A survey on the populations of "Deer Cowries"
in the lower Florida Keys
Since the year 2000, we have visited the lower Florida Keys on a regular basis, monitoring the populations of Deer Cowries, Macrocypraea cervus (See photo) and M. zebra, as well as the ash-cowry, Luria cinerea, in a restricted area southwest of Marathon Key.
In one place (which shall not be disclosed here, but in our group it has always been known as "The Good Spot"), an exceptionally large number of these large Cowries thrived in the ledges of rocks along the shore, at 1 to 3 meters depth. During seven visits during the past 15 years, the number of Deer Cowries encountered alive was recorded, and between 10 and 30 specimens were collected, which did not seem to have an impact on the number of shells observed in the following year (see diagram below).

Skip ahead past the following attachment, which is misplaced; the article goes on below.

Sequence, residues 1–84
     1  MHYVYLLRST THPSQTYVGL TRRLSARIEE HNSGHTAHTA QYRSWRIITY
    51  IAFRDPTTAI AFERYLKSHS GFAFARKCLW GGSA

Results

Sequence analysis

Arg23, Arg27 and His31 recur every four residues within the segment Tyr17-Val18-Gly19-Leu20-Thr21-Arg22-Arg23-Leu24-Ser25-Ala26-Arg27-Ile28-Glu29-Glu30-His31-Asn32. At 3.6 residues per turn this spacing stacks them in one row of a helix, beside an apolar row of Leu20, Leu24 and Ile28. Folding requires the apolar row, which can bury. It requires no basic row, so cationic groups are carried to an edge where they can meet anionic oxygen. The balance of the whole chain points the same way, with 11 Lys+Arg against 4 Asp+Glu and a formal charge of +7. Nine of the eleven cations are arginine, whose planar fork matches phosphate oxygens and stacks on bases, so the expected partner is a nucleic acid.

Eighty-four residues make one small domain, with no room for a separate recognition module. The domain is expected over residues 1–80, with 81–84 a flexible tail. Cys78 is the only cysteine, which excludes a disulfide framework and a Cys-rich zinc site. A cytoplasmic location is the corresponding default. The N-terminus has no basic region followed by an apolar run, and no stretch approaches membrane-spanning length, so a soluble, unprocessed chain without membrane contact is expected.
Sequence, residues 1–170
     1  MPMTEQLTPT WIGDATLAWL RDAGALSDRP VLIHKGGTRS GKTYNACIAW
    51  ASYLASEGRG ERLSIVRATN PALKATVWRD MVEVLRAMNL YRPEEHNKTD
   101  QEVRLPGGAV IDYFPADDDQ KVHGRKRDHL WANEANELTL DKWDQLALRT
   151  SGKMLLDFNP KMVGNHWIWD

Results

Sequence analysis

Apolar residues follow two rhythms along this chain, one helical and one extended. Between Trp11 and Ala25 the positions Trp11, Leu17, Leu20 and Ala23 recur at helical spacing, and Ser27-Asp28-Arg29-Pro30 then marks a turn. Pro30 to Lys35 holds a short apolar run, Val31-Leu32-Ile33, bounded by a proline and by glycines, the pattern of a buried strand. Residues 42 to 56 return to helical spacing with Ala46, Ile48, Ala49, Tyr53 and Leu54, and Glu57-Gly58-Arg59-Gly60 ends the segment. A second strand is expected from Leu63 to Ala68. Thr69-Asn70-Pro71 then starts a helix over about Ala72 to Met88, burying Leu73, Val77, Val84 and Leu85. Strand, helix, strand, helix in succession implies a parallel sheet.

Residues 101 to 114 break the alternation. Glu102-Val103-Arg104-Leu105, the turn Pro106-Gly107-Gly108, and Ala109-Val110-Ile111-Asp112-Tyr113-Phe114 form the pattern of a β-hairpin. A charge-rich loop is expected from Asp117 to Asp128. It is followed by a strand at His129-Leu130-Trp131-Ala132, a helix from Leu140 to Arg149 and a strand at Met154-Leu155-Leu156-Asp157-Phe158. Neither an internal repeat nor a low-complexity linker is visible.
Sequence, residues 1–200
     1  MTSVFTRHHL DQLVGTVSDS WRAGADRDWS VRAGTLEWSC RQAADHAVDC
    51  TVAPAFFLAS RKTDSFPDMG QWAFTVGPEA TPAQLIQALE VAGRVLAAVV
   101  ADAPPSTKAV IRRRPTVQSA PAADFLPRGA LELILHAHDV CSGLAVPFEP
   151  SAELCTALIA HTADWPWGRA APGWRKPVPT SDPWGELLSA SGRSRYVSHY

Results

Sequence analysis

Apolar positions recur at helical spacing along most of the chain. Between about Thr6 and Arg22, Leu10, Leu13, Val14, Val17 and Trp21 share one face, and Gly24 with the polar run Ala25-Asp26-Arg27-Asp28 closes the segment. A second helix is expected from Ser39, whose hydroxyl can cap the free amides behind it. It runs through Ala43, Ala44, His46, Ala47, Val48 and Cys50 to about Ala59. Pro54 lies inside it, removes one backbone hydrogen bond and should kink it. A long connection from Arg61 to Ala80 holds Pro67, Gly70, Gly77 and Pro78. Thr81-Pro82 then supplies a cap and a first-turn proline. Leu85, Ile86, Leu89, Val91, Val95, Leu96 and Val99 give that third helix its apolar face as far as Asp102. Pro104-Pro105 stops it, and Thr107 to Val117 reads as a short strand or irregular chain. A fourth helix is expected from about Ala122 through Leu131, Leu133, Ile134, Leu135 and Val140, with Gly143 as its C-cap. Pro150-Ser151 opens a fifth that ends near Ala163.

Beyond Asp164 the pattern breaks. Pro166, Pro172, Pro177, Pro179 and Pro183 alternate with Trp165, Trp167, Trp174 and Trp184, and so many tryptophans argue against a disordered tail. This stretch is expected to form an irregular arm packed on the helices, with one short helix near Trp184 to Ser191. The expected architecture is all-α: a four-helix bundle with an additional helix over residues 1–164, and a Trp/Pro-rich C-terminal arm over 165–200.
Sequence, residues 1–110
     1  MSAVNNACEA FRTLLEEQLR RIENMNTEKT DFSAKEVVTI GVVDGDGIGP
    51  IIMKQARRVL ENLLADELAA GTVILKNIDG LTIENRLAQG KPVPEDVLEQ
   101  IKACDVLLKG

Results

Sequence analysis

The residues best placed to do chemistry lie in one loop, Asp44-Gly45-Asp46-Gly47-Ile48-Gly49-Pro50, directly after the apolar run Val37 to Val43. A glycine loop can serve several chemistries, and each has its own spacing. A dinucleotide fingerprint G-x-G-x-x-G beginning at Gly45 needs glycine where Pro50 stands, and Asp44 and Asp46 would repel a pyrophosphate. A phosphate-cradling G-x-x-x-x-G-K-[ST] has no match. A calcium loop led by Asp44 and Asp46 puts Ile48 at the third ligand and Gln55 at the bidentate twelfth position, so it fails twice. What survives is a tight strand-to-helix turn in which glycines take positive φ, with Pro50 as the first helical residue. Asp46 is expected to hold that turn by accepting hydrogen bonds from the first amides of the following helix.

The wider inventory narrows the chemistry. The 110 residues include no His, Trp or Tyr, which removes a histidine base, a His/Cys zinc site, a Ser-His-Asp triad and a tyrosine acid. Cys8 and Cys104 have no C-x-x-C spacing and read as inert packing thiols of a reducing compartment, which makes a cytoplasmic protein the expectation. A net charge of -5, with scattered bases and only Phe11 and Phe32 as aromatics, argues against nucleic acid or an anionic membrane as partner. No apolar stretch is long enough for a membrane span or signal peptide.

On the previous visit in July 2010, the population was in a remarkably good state, with specimens hiding everywhere in the ledges of the bridge pylons, under rocks, and even exposed during daytime. A local collector reported seeing several specimens in March/April of this year, in this same spot.
When we revisited this place in July, we noted a large number of fresh dead, mostly juvenile shells in the gutters between the pylons, but did not see a single living animal. We found a single fresh dead L. cinerea only, and noticed that also other gastropods that feed by grazing on the substrate (Strombus raninus, S. gigas, S. alatus) had also died off. On subsequent searches in other areas between Marathon and Key West, the same scenario was encountered.